1. jatman | | #10

      Hi Teaf5!  Thank you for that insight.  I have one small piece of very thick muslin and a couple of meters of a very thin muslin - I haven't washed either of them yet.  Maybe I should do that before getting any more!


      1. User avater
        artfulenterprises | | #11

        While all of the posters have offered valid options, let me introduce one more. First....please don't wash the muslin! As a fashion draper, I use a very lightly woven muslin which allows me to pull straight and cross grain threads and square the fabric with rulers and steam iron before cutting out a test pattern. This is particularly helpful when trying to establish a basic pattern for yourself. Not washing the fabric also leaves a bit smoother finish to the fabric which helps with accuracy of fit. After fitting the muslin and making adustments, don't use steam again since it might shrink the cotton and change the fit. You can then transfer your new adjustment markings to your paper pattern. Of course, I agree that sometimes nothing else will do but a fabric with a similar hand to your expensive fashion fabric, but generally speaking, a plain lightweight muslin is best for designing and fitting. The product I recommend is P&B Textiles muslin style #6445 (the style number is an indicator of the thread count in the weave). (http://www.pbtex.com) They are suppliers to retailers so you might ask your local fabric or quilt shop to order a bolt for you. Best of luck to you on your sewing adventures.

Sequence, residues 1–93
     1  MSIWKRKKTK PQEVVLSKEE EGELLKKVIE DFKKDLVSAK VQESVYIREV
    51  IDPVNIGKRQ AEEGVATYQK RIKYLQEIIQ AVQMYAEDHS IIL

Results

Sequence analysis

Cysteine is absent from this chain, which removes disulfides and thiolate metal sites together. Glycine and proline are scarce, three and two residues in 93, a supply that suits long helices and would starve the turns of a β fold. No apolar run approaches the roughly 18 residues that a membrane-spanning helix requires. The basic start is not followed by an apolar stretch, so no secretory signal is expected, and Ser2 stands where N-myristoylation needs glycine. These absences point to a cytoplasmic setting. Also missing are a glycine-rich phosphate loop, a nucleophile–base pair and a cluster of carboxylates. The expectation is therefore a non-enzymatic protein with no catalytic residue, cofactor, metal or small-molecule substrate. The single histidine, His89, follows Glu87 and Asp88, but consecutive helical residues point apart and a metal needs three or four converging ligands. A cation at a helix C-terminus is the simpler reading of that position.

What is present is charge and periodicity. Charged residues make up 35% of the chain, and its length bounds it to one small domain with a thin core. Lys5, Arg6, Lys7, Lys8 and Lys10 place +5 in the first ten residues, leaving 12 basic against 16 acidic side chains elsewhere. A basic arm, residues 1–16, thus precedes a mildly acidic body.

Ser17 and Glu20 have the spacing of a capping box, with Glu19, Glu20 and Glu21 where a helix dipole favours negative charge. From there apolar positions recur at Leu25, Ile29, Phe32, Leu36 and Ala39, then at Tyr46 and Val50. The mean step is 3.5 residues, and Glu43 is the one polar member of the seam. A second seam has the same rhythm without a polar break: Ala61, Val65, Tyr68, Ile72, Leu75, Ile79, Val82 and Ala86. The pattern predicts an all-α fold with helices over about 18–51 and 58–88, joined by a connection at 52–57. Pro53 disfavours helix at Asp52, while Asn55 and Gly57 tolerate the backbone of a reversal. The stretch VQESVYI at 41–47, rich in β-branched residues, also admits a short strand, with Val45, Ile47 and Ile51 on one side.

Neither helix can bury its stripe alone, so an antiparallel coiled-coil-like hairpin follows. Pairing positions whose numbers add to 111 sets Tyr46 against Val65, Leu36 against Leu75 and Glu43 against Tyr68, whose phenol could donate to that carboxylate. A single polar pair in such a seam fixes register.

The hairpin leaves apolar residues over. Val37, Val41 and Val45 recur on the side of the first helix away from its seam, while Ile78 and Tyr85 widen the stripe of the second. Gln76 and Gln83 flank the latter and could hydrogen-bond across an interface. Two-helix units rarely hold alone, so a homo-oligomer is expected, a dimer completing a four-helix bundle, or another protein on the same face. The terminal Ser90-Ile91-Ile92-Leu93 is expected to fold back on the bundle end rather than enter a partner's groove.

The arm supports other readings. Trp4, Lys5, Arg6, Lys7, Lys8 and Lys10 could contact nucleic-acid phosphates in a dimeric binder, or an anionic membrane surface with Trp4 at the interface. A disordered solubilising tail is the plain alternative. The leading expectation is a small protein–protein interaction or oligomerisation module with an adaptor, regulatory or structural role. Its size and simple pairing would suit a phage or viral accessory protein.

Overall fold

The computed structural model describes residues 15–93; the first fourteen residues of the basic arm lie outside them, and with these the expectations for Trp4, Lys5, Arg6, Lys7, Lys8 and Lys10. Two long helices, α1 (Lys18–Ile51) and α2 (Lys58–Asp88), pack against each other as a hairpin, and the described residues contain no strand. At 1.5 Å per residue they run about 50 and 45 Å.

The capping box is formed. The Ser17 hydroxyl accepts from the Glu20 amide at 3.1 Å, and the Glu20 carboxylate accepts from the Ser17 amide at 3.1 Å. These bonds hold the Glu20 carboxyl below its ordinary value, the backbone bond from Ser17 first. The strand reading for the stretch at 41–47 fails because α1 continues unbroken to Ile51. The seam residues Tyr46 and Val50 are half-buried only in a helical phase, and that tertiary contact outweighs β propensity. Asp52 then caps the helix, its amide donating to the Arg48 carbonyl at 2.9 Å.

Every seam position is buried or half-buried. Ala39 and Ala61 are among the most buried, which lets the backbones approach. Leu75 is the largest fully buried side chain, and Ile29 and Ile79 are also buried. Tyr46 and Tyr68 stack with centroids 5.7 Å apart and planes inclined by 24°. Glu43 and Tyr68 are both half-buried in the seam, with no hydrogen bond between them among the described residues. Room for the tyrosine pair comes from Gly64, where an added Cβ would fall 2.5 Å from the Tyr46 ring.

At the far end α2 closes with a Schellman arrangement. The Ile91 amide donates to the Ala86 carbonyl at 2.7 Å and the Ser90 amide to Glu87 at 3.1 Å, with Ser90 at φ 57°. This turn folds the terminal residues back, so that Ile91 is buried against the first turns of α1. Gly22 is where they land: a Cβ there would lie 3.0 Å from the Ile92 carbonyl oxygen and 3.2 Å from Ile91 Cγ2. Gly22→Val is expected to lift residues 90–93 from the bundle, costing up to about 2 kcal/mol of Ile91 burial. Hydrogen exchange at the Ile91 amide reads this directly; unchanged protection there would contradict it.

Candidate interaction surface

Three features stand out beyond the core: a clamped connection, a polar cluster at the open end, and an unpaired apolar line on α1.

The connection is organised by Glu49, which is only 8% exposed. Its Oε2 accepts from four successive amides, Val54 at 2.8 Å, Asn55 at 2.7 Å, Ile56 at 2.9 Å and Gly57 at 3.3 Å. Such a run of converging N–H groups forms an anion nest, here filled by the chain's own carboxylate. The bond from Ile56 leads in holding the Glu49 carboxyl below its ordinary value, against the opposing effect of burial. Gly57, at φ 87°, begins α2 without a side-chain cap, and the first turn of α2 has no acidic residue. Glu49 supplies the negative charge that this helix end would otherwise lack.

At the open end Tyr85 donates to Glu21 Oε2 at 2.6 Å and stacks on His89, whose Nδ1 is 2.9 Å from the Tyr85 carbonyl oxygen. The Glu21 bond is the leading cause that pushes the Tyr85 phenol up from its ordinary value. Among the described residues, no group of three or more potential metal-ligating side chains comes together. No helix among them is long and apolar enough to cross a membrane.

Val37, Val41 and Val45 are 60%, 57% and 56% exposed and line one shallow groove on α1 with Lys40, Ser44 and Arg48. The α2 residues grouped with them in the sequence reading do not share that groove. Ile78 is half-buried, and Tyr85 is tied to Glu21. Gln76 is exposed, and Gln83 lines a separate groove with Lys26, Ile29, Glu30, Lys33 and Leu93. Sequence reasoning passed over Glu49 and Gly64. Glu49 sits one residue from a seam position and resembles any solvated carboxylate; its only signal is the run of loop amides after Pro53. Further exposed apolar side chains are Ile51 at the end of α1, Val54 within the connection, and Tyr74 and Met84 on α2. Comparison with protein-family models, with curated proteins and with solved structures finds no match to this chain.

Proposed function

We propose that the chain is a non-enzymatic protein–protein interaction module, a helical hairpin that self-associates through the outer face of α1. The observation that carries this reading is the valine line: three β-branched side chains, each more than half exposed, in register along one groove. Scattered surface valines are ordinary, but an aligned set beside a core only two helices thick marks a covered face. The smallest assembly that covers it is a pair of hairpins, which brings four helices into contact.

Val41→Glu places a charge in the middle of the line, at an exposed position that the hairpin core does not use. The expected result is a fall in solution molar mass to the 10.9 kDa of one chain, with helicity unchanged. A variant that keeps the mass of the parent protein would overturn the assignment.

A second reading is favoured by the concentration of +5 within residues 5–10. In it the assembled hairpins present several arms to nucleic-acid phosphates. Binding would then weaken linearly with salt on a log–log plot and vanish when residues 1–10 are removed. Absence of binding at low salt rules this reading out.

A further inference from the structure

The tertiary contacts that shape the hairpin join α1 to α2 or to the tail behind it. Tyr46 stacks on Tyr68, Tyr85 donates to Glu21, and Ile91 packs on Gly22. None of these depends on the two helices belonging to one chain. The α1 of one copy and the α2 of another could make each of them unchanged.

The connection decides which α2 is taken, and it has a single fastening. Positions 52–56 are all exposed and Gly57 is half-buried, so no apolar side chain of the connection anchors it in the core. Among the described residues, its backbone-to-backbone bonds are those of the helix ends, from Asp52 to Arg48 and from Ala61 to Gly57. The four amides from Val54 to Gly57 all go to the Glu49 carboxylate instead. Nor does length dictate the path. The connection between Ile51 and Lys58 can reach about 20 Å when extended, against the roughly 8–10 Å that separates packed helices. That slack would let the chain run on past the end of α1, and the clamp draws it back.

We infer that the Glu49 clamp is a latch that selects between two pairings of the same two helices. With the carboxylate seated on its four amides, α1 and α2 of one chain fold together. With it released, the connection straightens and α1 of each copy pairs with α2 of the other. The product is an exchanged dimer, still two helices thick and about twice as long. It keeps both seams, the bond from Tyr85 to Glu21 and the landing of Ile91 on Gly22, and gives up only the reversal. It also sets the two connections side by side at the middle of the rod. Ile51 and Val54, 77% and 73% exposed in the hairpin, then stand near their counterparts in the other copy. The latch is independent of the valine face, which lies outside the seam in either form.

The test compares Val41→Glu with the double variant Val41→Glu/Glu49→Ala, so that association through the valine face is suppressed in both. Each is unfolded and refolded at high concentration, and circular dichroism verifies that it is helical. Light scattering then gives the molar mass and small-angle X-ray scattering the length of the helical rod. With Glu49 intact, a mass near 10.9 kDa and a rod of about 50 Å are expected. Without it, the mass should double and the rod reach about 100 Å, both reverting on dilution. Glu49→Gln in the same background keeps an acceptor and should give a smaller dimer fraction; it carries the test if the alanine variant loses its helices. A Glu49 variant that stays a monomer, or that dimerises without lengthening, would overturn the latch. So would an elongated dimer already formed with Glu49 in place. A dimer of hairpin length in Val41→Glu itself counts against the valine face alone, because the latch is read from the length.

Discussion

1. dotty | | #12

          Thank you. I've been wondering about washing muslin for a long time. I've been suspecting I was wasting my time. It didn't occur to me to use a dry iron and I'd been washing it because the steam shrinks it so much.

        2. jatman | | #13

          Thank you, Artfulenterprises!  Never thought to use the sizing in the fabric as a means to get a better drape.  One of the things that I hope to accomplish is not only better fit from patterns that I've purchased but to make some creations of my own.

          Thank you for the info for ordering, too!



          1. User avater
            artfulenterprises | | #14

            You are welcome! just another little tidbit....if you are going to pull threads to establish straight and cross grain before squaring the fabric (which I hope you will), don't press the muslin before you pull the threads. Pressing tends to "set" the threads and they are much easier to remove from the weave straight off the bolt.

          2. dotty | | #15

            Another invaluable piece of information! Whats your opinion of tearing the muslin to get a straight grain?

          3. User avater
            artfulenterprises | | #16

            Tearing the muslin is absolutely the best way to find a straight grain edge. Once you have measured out and torn a piece of muslin from which to test your pattern, pull threads, then carefully iron the edges smooth so that the fluttery, rolled edges don't distract from being able to see the straight of grain. Then, line up your ruler using the pulled threads as your guide and square the fabric using an "L-square" ruler and steaming any bubbles toward the 4 corners.

            Edited 4/30/2007 1:14 pm ET by artfulenterprises

          4. jatman | | #17

            Thank you for sharing this wealth of information!